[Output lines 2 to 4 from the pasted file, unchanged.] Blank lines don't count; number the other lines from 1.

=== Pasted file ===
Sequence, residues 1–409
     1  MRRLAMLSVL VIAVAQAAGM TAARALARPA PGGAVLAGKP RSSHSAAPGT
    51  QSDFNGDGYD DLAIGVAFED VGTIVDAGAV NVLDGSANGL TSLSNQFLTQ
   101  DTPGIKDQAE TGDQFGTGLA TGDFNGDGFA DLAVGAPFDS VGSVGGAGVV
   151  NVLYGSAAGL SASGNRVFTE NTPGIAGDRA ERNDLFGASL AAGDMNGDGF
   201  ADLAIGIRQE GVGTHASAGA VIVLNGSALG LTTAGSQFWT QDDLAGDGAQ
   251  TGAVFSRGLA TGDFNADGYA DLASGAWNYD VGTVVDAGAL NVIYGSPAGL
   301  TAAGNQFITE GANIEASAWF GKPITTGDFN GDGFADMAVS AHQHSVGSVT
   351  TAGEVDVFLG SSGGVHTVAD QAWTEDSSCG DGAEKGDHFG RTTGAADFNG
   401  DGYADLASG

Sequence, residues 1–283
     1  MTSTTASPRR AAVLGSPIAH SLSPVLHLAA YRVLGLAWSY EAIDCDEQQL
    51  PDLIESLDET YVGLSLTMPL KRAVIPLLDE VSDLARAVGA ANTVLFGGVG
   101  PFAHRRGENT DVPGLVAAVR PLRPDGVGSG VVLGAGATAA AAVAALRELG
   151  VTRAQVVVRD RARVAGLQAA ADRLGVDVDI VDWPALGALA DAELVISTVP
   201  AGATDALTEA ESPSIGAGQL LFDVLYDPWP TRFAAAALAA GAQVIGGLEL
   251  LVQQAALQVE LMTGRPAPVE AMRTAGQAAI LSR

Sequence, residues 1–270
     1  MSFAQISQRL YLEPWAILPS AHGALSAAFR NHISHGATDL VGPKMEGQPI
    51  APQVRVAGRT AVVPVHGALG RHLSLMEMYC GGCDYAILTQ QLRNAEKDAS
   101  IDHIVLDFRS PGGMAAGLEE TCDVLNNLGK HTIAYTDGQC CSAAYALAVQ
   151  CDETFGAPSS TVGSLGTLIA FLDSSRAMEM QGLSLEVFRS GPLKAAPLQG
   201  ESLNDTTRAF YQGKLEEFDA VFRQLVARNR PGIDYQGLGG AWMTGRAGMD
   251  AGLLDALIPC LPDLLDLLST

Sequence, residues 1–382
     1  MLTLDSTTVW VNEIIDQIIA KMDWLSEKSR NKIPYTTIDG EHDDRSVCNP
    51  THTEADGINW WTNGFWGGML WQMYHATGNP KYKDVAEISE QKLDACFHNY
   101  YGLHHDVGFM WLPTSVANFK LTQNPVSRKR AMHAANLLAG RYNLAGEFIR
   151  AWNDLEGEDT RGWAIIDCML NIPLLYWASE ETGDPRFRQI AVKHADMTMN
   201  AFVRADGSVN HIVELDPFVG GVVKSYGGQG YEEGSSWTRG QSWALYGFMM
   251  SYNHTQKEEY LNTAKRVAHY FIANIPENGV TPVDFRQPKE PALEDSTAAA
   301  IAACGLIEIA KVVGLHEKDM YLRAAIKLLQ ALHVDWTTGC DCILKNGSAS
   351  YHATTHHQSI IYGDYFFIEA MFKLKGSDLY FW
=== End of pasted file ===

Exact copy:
     1  MRRLAMLSVL VIAVAQAAGM TAARALARPA PGGAVLAGKP RSSHSAAPGT
    51  QSDFNGDGYD DLAIGVAFED VGTIVDAGAV NVLDGSANGL TSLSNQFLTQ
   101  DTPGIKDQAE TGDQFGTGLA TGDFNGDGFA DLAVGAPFDS VGSVGGAGVV